Covid-19 measure: course in hybrid format
Due to the covid-19 pandemic, this course takes the form of a hybrid course making it accessible to all students regardless their place of residence (on the VIU-campus or elsewhere). The course materials are all digital (powerpoint presentations, pictures, videos, reading materials, etc.), which will be made available in the e-learning platform. In line with the general VIU-guidelines, this course will be given online during the first two weeks of the semester. After that, each session of the course will be given simultaneously on the VIU-campus in Venice and streamed via Zoom. Every session will be recorded so anyone can listen to it again afterwards. With regard to assignments and empirical analyzes, the course offers equivalent alternatives for Venice-specific assignments for students who take the course online. Presentations, discussions and feedback sessions can be done either on-campus or online.

Learning outcomes
- Students gain awareness that both production and interpretation of language are no inherent processes, in which meaning is confined to verbal forms alone. Language is multimodal in the sense that next to verbal, also embodied and all sorts of locally determined material resources take active part in the interactive process of meaning making.
- Students acquire knowledge and skills about co-speech gestures as an important resource for optimizing their (intercultural) communication abilities.
- Students become aware of both the systematicity and the dynamics of gesturing in order to overcome language- and culture-bound difficulties in interaction.
- Students learn to profitably use the ELAN-editing tool as a standard open-access software tool for collecting, annotating and analyzing multimodal interaction data.

Teaching methods
As far as teaching is concerned, this course will mix both theoretical and practical methods, with a clear increase of the latter towards the end of the semester. During the first weeks, students mainly prepare classes by doing preparatory reading. Students (alone or pairwise) will also be asked to prepare annotation exercises and case studies, some of which by using the ELAN editing tool. In the second half of the semester, students are required to make brief smartphone recordings annex ELAN-analysis of a few face-to-face interactions in the (Venetian) public urban space. In the final weeks, every student gives a presentation of their findings to the seminar. With regard to the optimization of this assignment, intermediate individual feedback sessions about the use of ELAN as well as the annotation and analysis of the data will be organized.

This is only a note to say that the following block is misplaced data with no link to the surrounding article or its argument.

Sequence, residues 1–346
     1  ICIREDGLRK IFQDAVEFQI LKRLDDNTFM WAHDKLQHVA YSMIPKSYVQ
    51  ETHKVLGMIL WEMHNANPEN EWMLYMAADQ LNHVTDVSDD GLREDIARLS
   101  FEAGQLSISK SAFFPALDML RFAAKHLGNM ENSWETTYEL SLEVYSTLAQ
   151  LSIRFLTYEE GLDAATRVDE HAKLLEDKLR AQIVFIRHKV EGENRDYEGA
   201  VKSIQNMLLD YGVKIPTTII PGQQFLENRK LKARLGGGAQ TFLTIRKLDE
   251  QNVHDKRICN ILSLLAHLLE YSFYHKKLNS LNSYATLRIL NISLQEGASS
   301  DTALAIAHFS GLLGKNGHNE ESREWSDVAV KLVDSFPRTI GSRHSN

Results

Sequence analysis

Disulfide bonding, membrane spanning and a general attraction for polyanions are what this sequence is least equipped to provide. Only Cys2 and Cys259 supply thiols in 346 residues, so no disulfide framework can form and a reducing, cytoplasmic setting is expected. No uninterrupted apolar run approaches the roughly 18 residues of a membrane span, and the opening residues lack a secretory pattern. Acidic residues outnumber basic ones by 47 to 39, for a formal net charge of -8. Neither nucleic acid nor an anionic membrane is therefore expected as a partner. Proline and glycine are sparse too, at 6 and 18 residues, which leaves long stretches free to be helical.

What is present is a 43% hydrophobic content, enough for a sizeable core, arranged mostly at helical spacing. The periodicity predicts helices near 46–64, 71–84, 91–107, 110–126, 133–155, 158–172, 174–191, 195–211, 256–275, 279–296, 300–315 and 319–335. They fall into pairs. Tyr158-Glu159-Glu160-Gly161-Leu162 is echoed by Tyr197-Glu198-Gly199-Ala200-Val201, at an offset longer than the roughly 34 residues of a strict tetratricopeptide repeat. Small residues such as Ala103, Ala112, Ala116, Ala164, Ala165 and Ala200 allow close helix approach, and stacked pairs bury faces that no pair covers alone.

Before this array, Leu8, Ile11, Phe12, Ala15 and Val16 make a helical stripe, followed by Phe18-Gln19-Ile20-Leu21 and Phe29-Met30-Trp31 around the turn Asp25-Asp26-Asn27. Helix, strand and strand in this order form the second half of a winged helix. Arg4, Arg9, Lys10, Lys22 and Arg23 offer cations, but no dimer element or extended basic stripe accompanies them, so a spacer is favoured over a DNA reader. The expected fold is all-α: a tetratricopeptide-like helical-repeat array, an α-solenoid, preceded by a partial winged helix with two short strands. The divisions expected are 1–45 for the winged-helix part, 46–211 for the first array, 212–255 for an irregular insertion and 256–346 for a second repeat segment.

Evaluation methods
- Attendance and participation (10%)
- Preparation of exercise materials (multimodal aspects of interactions) (20%)
- Individual feedback & discussion session (10%)
- Oral presentation of recorded interactions (20%)
- Empirical report (40%)

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Bressem, J. (2013). A linguistic perspective on the notation of form features in gestures. In C. Müller, A. Cienki, E. Fricke, S.H. Ladewig, D. McNeill & S. Teßendorf (Red.), Body-Language-Communication: An International Handbook on Multimodality in Human Interaction. Berlin, Boston: Mouton De Gruyter, 1079-1098.
Bressem, J. & C. Müller (2014). A repertoire of recurrent gestures of German In C. Müller, A. Cienki, E. Fricke, S.H. Ladewig, D. McNeill & J. Bressem (Red.), Body-Language-Communication: An International Handbook on Multimodality in Human Interaction. Berlin, Boston: Mouton De Gruyter, 1575-1591.
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Kendon, A. (1980) Gesture and speech: two aspects of the process of utterance. In M.R. Key (Red.), Nonverbal Communication and Language. The Hague: Mouton, 207-227.
Kendon, A. (2004). Gesture. Visible Action as Utterance. Cambridge: Cambridge University Press.
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McNeill, D. (1992). Hand and Mind: What Gestures Reveal about Thought. Chicago: University of Chicago Press.
McNeill, D. (2005). Gesture and Thought. Chicago: University of Chicago Press.
Müller, C. (2013). Gestures and speech from a linguistic perspective: a new field and its history. In C. Müller, A. Cienki, E. Fricke, S.H. Ladewig, D. McNeill & S. Teßendorf (Red.), Body—Language—Communication. Berlin: Mouton De Gruyter, 55-81.
Sloetjes, H., & Wittenburg, P. (2008). Annotation by category - ELAN and ISO DCR. In: Proceedings of the 6th International Conference on Language Resources and Evaluation (LREC 2008). Max Planck Institute for Psycholinguistics, The Language Archive, Nijmegen, The Netherlands. undefined